ippr established the Commission on Public Service Reform in the North East, based at ippr north in Newcastle, in 2007. The Commission came together to look at the policy challenges emerging from the reform and renewal of public services since 1997, particularly in relation to the distinctive needs of the North East region.
The Commission has found that the record levels of investment in the North East's public sector have produced 'high-performing' services which have mitigated some of the worst effects of the current recession. However, such 'high performance', as measured by the various national auditing bodies, has had limited impact on closing the gap in relative outcomes. Whether in terms of life expectancy, entrance to further education, or unemployment, the North East still lags behind other regions and the disparities between different parts of the North East remain.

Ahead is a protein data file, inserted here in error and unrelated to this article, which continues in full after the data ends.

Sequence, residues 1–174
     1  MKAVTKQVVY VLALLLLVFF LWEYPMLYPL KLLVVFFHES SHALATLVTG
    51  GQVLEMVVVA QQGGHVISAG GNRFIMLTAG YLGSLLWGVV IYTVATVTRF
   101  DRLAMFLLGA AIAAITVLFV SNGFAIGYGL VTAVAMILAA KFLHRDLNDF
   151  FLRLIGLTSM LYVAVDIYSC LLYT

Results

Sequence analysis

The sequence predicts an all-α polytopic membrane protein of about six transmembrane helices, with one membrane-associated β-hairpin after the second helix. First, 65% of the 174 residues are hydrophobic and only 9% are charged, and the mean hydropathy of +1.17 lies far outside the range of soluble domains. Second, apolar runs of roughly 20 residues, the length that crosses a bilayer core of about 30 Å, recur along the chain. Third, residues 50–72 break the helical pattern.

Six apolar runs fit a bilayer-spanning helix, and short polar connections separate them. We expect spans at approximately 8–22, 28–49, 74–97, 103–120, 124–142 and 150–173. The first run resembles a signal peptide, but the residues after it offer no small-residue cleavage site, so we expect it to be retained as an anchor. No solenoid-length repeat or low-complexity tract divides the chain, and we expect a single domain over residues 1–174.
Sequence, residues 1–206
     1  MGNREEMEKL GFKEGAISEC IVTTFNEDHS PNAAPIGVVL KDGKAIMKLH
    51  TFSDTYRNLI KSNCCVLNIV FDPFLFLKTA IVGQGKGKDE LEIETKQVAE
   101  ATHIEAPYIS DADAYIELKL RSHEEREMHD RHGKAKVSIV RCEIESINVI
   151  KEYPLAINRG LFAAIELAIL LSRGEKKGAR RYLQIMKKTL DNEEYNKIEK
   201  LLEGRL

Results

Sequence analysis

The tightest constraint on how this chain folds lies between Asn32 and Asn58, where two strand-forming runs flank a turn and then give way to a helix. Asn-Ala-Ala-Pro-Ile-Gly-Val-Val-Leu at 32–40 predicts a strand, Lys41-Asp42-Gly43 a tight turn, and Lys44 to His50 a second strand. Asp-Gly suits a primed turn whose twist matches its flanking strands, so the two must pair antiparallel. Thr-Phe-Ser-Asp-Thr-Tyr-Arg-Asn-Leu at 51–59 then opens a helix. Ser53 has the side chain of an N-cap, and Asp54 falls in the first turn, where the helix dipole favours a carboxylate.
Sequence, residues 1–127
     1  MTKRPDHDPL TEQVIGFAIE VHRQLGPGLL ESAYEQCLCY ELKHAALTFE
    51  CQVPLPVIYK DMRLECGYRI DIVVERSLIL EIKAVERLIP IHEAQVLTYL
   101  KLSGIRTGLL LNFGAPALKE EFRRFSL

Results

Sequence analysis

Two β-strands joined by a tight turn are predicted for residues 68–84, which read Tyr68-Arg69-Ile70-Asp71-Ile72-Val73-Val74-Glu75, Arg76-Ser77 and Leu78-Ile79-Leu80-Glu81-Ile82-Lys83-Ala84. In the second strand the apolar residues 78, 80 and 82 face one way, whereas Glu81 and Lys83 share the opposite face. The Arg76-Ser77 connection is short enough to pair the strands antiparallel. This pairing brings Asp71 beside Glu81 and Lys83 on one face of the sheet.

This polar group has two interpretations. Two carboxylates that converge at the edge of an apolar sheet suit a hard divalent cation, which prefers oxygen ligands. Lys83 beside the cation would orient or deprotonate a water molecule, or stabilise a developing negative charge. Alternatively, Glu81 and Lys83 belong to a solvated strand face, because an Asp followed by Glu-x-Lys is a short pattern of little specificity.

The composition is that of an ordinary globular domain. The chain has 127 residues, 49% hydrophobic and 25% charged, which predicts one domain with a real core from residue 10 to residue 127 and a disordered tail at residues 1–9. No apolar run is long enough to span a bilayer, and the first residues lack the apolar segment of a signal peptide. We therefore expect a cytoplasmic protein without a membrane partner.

Through analysis of this apparent paradox of high performance and poor outcomes, the Commission has identified three interlinked themes under which the public sector and the region must overcome challenges, each with a key recommendation.
State of the North 2024: Charting the course for a decade of renewalThe North’s communities are ambitious for a better future, but face systemic and pronounced inequalities. Gaps in power, wealth, opportunity, and health result in shorter, sicker, less fulfilling lives.
No home left behind: Funding a just transition to clean heat in ScotlandHow can we ensure that investment in clean heating in Scottish homes drives a just transition, sharing costs and benefits fairly?
The asylum backlog: Job done?This blog post sets out how the department must now grapple with a new set of backlog challenges.